The American Optometric Association identified the following 14 CVS symptoms:
| 1. Eye fatigue
||8. Experience blurred near vision
||9. Slow in accommodation and focusing of the eyes
|3. Sore eyes
||10. Excessive tearing
|4. Dry eyes
||11. Experience discomfort when wearing contact lenses
|5. Red eyes
||12. Change in colour sensitivity
|6. Burning eyes
||13. Glare sensitivity
|7. Experience blurred distance vision
Causes of CVS:
Lack of blinking:
when using a computer, we tend to ˇ§forgetˇ¨ to blink as often because we are always re-focusing. The lack of blinking causes our eyes to become dry, turn red and irritated.
Over exposure to bright light:
it is important to have proper lighting when working in front of a computer, meaning the lightings should be evenly distributed in our surroundings and that there is no bright light in our field of vision. However, we are often have too much light in our surroundings, for example, we have overhead lighting, table lamps, etc. Too much bright light can cause glare which has adverse effects to our eyes.
Squinting is a natural reaction of the eyes when exposed to glare produced by computer screens, fluorescent light, sunlight through the windows, etc. Squinting can cause headaches and eye fatigue.
Computer screens of poor quality:
Poor quality computer screens often have low resolution, low pixel numbers, high contrast colours and flickering screen. Such characteristics of a low quality screen can give extra strain to the eyes.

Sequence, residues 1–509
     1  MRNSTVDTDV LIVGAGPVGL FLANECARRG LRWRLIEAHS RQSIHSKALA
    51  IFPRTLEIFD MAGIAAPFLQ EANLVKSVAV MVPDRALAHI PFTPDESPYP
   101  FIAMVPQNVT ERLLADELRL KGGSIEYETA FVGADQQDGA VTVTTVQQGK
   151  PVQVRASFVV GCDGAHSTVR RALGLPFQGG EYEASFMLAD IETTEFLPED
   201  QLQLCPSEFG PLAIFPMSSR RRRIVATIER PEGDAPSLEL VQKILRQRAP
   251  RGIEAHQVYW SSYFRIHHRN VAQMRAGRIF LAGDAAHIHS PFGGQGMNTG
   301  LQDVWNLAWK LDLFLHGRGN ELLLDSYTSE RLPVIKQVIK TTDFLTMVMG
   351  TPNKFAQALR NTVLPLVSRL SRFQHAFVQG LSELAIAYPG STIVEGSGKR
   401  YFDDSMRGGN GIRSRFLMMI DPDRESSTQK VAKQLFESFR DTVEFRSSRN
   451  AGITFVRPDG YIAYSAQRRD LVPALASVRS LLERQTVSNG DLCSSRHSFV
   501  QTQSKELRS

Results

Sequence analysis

Light reflected by the computer screen:
Reflections on the screen may block out parts of the screen, forcing the user to move around and sit in an awkward position. Sitting in an improper position for a long period of time, can cause orthopedic problems such as back, neck and shoulder aches.
Steps to preventing CVS:
Use a high quality screen
Increase the resolution
Remember to blink your eyes frequently
Make sure there is proper lighting and even brightness at your workstation
Do not place the screen facing the windows
Take away any source of glare in the office
Angle the screen slightly below eye-level
Position your screen 50-60cm away from your eyes
Seek professional guidance from the optometrist, and go for eye-examinations annually.